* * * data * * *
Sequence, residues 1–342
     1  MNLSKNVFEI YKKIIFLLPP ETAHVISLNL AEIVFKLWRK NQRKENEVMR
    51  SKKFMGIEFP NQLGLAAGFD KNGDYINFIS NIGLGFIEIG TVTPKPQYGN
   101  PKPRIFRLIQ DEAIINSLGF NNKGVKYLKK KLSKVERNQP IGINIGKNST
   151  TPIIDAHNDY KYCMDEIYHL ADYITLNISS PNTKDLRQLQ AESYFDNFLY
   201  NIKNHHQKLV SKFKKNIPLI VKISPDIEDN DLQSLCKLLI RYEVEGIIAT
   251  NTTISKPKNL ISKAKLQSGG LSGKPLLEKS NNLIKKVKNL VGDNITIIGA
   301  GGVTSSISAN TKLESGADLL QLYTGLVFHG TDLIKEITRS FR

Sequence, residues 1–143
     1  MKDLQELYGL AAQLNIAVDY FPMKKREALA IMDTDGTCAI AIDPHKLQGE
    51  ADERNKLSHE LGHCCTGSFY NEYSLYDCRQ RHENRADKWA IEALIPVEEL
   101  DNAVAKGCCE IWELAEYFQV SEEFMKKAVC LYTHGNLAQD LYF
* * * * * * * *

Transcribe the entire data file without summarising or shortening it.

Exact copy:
Sequence, residues 1–342
     1  MNLSKNVFEI YKKIIFLLPP ETAHVISLNL AEIVFKLWRK NQRKENEVMR
    51  SKKFMGIEFP NQLGLAAGFD KNGDYINFIS NIGLGFIEIG TVTPKPQYGN
   101  PKPRIFRLIQ DEAIINSLGF NNKGVKYLKK KLSKVERNQP IGINIGKNST
   151  TPIIDAHNDY KYCMDEIYHL ADYITLNISS PNTKDLRQLQ AESYFDNFLY
   201  NIKNHHQKLV SKFKKNIPLI VKISPDIEDN DLQSLCKLLI RYEVEGIIAT
   251  NTTISKPKNL ISKAKLQSGG LSGKPLLEKS NNLIKKVKNL VGDNITIIGA
   301  GGVTSSISAN TKLESGADLL QLYTGLVFHG TDLIKEITRS FR

Sequence, residues 1–143
     1  MKDLQELYGL AAQLNIAVDY FPMKKREALA IMDTDGTCAI AIDPHKLQGE
    51  ADERNKLSHE LGHCCTGSFY NEYSLYDCRQ RHENRADKWA IEALIPVEEL
   101  DNAVAKGCCE IWELAEYFQV SEEFMKKAVC LYTHGNLAQD LYF